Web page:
By the end of last year, I had difficulty walking. I gained weight and have now been walking that fine pre-diabetic stage. I seem to be insulin resistant now. Added life stressors, once again caring for my sick and aging 81 year old aunt with multiple medical issues, has led to self-neglect. I became short of breath on exertion, weak and faint. I began losing my hair. Thankfully, I once had a thick full head and so the hair loss was not immediately noticeable. Even so, I noticed, and I begged my doctor to help me learn why my hair was falling out and thinning so much but my concerns were made light of.
I pleaded with many doctors, asking to learn the cause of my multi-organ system’s failings. I suspected they were medication effect or vitamin deficiency related but several good doctors rolled their eyes when I begged to be tested.
I grew weaker and weaker, sicker and sicker as 2019 came to an end.
The Laundry List of Tests and Doctors Conclude: It’s All in My Head
An MRI in January 2020 showed cervical myelopathy but not significant enough to warrant more surgery (THANK GOD). The orthopedic surgeon and his nurse practitioner, offered Gabapentin (as did 5 other doctors) and physical therapy (PT). I refused the gabapentin because it had made me incoherent in the past. I agreed to try PT but was frustrated, since I had tried physical therapy more times than I can tell over the past ten years. This last time, in February, just the PT evaluation magnified all my symptoms and I barely walked back to my car. Returning to my vehicle, I felt like I was on fire with burning nerve/muscle pain all over.
Again, I adamantly refused meds without learning the cause.
I was sent to have an EMG (nerve-muscle functioning testing). The EMG showed multi-nerve damage, or “multiple peripheral neuropathies.” That was in March of this year. I had been twice before to this same physiatrist having EMG’s years prior due to ongoing “nerve pain.” Like many other doctors, he never suspected thiamine deficiency and implied that it was “all in my head.”
I was sent to another consult, a Brown University rheumatologist, who basically told me the same thing that my pain was “in my head,” as most docs do seeing history of “depression and chronic pain.” On exam, I actually jumped when he touched my outer thighs and various areas on my body. I was super “nerve sensitive,” which he was attributing to “my mind.” Outer thigh pain/ sensitivity was a symptom of thiamine deficiency I’d later learn. After my RN daughter, acting as my advocate, spoke on my behalf asking for nutritional deficiency testing to rule out causes, he tried ordering labs but had little knowledge of what to order and “could not find the transketolase test or a simple Vitamin B1 test on my screen,” he replied. To appease me, he ordered multiple other labs and sent me on my way with no diagnosis and no return appointment.
For the multitude of GI symptoms, I was sent to a caring gastroenterologist who performed a colonoscopy and endoscopy with insignificant results and biopsies all normal. He too was empathetically puzzled, urging me to request a thoracic MRI due to my history of degenerative disc disease. Upon exam, this doctor was alarmed at my sensitivity at my breastbone area when touched. It was painful and clearly inflamed.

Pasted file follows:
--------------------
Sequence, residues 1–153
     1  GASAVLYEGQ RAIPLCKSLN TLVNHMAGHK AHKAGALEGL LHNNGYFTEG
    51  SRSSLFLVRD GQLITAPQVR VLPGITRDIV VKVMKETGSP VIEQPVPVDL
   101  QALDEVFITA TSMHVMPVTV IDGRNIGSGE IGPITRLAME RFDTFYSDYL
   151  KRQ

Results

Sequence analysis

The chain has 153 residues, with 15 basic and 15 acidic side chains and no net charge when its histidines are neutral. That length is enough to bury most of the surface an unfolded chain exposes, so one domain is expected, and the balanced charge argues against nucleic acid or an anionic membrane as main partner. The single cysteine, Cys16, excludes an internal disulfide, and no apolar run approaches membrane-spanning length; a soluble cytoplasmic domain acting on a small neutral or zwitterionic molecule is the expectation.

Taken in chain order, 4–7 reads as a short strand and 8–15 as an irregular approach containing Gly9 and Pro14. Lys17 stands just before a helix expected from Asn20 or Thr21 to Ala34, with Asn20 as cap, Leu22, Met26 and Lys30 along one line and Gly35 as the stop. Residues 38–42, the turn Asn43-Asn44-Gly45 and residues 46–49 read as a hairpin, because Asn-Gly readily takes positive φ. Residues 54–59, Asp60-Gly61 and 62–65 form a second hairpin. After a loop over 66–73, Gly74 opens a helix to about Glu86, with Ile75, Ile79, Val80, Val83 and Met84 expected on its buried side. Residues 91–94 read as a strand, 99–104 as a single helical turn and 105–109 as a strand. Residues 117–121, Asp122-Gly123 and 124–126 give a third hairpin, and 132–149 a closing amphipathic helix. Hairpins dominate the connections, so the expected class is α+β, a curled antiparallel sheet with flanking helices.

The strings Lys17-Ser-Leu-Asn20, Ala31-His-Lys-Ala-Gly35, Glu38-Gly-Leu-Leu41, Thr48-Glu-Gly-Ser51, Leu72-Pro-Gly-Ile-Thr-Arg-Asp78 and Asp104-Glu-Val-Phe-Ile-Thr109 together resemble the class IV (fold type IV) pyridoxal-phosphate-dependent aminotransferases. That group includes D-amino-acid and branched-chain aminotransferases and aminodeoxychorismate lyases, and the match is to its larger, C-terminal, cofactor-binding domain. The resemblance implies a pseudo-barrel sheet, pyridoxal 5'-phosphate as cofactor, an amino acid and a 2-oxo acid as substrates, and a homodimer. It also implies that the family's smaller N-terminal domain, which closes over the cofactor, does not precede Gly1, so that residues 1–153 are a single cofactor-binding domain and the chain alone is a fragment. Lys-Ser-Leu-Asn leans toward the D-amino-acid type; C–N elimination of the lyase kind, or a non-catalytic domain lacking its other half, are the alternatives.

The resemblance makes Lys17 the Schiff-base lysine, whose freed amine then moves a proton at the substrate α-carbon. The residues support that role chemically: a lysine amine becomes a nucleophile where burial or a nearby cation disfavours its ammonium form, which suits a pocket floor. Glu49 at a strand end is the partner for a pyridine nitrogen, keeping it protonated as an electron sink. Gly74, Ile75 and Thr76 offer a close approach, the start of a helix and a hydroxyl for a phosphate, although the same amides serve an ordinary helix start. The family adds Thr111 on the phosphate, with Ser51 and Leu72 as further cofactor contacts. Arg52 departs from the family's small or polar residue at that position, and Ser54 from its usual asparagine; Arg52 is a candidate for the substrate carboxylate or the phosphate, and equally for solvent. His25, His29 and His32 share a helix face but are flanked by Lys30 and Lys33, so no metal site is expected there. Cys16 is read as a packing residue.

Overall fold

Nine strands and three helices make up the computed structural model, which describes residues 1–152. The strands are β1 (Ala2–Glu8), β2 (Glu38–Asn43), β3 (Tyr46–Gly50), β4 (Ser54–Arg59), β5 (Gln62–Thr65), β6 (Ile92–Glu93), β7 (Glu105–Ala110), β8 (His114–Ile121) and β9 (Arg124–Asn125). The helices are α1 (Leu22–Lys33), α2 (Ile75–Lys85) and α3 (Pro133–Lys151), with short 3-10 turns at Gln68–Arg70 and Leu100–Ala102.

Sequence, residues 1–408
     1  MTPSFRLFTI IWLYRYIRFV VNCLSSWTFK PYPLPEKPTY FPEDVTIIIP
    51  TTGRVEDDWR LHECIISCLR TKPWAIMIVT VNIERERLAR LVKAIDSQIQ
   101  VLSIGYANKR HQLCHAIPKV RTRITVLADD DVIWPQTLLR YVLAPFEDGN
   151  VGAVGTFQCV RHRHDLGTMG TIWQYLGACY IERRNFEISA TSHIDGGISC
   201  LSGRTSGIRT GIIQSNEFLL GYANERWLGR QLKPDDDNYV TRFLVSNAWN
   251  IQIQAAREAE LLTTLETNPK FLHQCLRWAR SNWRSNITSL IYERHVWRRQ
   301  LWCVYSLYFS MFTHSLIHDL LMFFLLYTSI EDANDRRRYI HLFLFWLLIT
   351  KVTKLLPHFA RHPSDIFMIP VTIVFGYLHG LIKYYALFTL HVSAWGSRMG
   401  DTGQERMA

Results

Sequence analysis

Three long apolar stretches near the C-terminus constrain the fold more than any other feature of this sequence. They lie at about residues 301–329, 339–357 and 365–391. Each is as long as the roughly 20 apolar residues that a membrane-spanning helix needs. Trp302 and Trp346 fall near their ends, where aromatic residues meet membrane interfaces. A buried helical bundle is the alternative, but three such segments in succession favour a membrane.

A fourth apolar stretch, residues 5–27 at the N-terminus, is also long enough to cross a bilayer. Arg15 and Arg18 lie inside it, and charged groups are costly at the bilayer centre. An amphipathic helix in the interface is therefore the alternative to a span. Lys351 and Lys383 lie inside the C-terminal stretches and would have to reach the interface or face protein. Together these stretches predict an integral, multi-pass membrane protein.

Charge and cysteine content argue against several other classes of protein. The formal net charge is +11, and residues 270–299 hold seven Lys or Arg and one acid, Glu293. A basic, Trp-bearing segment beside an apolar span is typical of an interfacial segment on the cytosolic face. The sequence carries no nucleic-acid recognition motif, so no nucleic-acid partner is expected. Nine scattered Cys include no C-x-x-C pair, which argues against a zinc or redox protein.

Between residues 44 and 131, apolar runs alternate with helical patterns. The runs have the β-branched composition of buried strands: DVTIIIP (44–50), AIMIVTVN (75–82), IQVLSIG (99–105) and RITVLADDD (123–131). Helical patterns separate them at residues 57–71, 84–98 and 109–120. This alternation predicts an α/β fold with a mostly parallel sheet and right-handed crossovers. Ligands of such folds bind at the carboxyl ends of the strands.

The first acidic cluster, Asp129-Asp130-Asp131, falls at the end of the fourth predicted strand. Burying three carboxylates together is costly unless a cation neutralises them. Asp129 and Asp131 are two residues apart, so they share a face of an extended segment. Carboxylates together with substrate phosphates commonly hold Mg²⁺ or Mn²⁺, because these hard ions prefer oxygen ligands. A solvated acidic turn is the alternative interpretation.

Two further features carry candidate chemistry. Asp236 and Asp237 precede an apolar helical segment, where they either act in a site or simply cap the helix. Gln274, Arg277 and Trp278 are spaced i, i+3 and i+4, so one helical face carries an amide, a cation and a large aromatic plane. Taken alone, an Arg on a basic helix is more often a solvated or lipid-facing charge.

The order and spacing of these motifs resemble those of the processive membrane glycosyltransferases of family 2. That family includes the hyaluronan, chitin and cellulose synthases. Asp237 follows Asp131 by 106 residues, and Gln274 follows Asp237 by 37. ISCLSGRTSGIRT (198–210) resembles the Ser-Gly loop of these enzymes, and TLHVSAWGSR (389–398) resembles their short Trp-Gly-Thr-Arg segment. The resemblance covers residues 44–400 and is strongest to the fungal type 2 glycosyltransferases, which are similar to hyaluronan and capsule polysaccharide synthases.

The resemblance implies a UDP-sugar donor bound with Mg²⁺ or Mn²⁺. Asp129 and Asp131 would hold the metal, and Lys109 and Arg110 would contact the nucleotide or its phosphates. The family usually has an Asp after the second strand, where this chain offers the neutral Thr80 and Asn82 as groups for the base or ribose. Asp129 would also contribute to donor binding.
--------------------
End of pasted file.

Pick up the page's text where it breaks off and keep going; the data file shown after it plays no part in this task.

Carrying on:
I had all the symptoms of multiple sclerosis (MS) too, so I had a brain MRI with and without contrast that I asked for after researching my symptoms, wanting to rule out MS too. The MRI showed: “a single small focus of flair hyper-intensity within the frontal lobe white matter, nonspecific and could not rule out demyelinating disease or MS…”
They ruled out “pinched nerves” in a thoracic MRI, recommended by the GI doc after not finding answers to my GI symptoms. I had repeated X-rays and a lumbar MRI having a lengthy history of lower back pain too.
The lumbar MRI incidentally found gallstones which sent me to a surgeon who recommended gallbladder removal. In this COVID environment, I have minimized symptoms with better diet and supplements thus far.
Discovering My Thiamine Deficiency: A Bit of Research and a Bit of Serendipity
In February 2020, I had begun reading the book “Thiamine Deficiency Disease, Dysautonomia, and High Calorie Malnutrition,” written by Dr.’s Lonsdale and Marrs. From the case studies and the research, I knew that I had thiamine deficiency. The trick now was to get someone to believe me. I brought the book to an upcoming neurologist appointment. Although, with each of the 7 previous consults, blood work was done, it was this last consult, with an astute neurologist, that I found out why. He knew after examining me and listening to me that I was deficient in thiamine. He took the time to research my history and found that I’d been diagnosed as thiamine deficient 5 years ago, but sadly, no one told me. In 2015, lab tests showed that my thiamine was 6 nmo/L , below the lab’s reference range of 8-30 nmol/L. I was still deficient in thiamine in February 2020 with a result of 7 nmol/L. He explained that I “needed to take 100mg thiamine daily, starting immediately and that it would likely take 6-12 months to hopefully reverse symptoms.” He also indicated that I would need supplementation for life now. As I have continued to research and read about thiamine deficiency, I learned that I would likely need much higher doses of thiamine, in the form of something called TTFD. TTFD is a synthetic thiamine that crosses the blood brain barrier getting into the cells better.